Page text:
Families Supporting Families
St. Louis Center strives to promote family and guardian support and to ensure that the lines of communication are always open between St. Louis Center staff and the loved ones of the residents entrusted to our care.
St. Louis Center Social Services, Nursing, Programs, and Direct Care staff work closely with families and guardians to provide the highest possible level of care. When necessary, overnight accommodations for parents and caregivers can be made available.
St. Louis Center considers the residents, their families, and SLC staff as part of one overall family. The Center always welcomes family involvement in St. Louis Center events and the Family Association for all who call St. Louis Center their home.
Navigating through available resources for a person with intellectual and developmental disabilities is often overwhelming.
Here are just a few of the questions we receive on a regular basis:
- How can I afford care?
- Where do I find others in my situation?
- Where can I find a spiritual outlet?
- What do these acronyms mean?
To answer these and other inquiries, St. Louis Center has gathered commonly sought after and primarily local resources with which we have either worked with or have heard good things about and have listed them in the tabs below. You can also find definitions of many of the terms and acronyms you will see referring to individuals with I/DD in the last tab.
Even if St. Louis Center is unable to provide a home for your loved one or client, we will work to point you in the right direction! If you don’t see the answers to the questions you have, contact us with your questions and we’ll try our best.
Did you know? … St. Louis Center works frequently with state and county agencies to assist families in offsetting the financial costs for enrollment of their loved one.
- Community Mental Health Services Programs – Michigan Map by County
- Health Care Counts – Assistance to Apply for Medicaid in Washtenaw County
- MI Bridges – Apply for Medicaid Online
- Michigan Department of Health & Human Services – Assistance Programs
- Michigan State Housing Development Authority (MSHDA)
- Supplemental Security Income (SSI) – Understanding SSI
- (SSI) – About Trusts and SSI Recipients
- Washtenaw County Community Support and Treatment Services
Support Systems & Activities
- All Faith Ministry for disABILITIES
- Ann Arbor Family – Special Needs Directory
- Ann Arbor Observer Disabilities City Guide
- Ann Arbor YMCA
- Autistic Play-Place
- Blueprint for Aging
- Catholic Social Services of Washtenaw County
- Chelsea Wellness Center
- Comprehensive Early Autism Services
- Creating Brighter Futures
- Down Syndrome Support Team of Washtenaw County
- Eastern Michigan Autism Collaborative Center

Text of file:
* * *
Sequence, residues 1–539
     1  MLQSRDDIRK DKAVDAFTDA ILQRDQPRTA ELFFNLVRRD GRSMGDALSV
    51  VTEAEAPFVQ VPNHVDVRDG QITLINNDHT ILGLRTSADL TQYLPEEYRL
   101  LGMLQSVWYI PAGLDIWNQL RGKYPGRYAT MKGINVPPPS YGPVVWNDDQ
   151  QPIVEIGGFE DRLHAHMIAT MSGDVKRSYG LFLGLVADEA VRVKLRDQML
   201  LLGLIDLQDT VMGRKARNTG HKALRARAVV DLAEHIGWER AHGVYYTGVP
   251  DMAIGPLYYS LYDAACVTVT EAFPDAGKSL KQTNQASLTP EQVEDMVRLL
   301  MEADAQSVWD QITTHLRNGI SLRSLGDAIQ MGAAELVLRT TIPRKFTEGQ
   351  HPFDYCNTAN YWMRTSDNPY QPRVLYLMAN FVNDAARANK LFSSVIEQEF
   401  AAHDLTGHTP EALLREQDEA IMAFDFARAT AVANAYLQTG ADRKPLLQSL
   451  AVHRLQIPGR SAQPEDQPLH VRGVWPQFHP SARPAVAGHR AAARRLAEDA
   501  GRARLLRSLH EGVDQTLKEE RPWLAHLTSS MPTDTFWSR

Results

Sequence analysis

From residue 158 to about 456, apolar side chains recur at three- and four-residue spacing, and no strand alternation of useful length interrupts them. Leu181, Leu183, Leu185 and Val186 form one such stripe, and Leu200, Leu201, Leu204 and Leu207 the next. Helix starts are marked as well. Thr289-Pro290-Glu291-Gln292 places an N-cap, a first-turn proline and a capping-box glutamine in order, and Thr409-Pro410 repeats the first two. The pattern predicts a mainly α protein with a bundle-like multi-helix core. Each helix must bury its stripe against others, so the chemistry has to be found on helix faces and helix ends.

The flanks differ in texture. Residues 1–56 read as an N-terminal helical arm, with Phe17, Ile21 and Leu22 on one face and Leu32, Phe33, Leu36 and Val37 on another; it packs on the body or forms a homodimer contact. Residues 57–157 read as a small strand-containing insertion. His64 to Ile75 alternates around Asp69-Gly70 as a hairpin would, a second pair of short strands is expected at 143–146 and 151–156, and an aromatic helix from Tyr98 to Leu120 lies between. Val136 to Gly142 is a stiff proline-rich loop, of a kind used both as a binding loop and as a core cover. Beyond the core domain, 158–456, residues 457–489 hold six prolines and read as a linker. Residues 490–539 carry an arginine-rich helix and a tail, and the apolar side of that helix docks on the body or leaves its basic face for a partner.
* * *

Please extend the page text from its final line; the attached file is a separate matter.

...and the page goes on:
- Friendship Circle of Michigan
- Harmony Garden Music Therapy Serices
- Intentional Communities Washtenaw
- Judson Center
- Just Us Club
- Kiwanis Aktion Club
- Michigan Department of Health and Human Services – Behavioral Health and Developmental Disabilities Administration
- No More Sidelines
- Program for All-Inclusive Care for the Elderly (PACE) Services
- Saturday Morning Challengers Bowling League (September-April) – Bel-Mark Lanes
- Special Olympics Michigan
- Sunfield Center
- Therapeutic Riding, Inc.
- Together for Choice
- Victory Day in Trenton (and other Michigan schools)
- Washtenaw County Community Support and Treatment Services
- Washtenaw Learning Disabilities Center
- All Faith Ministry for disABILITIES
- Calvin Institute of Christian Worship
- Catholic Charities of Southeast Michigan
- Christian Learning Center (CLC) – Workshops & Trainings for Churches
- Diocese of Lansing – Ministry with Persons with disabilities
- Friendship Ministries
- Joni and Friends
- National Catholic Partnership on Disability (NCPD) – Ministry Specific Resources
- United Church of Christ Disabilities Ministries
Commonly Used Terminology
Characterized by significant limitations both in intellectual functioning (reasoning, learning, problem-solving) and in adaptive behavior, which covers a range of everyday social and practical skills; this disability originates before the age of 18.
An umbrella term that includes intellectual disability but also includes other severe chronic disabilities that can be cognitive, physical, or both; they are apparent before the age of 22 and are likely to be lifelong.
The term intellectual and developmental disability covers the same population of individuals who were diagnosed previously with mental retardation in number, kind, level, type, duration of disability, and the need of people with this disability for individualized services and supports. Furthermore, every individual who is or was eligible for a diagnosis of mental retardation is eligible for a diagnosis of intellectual disability.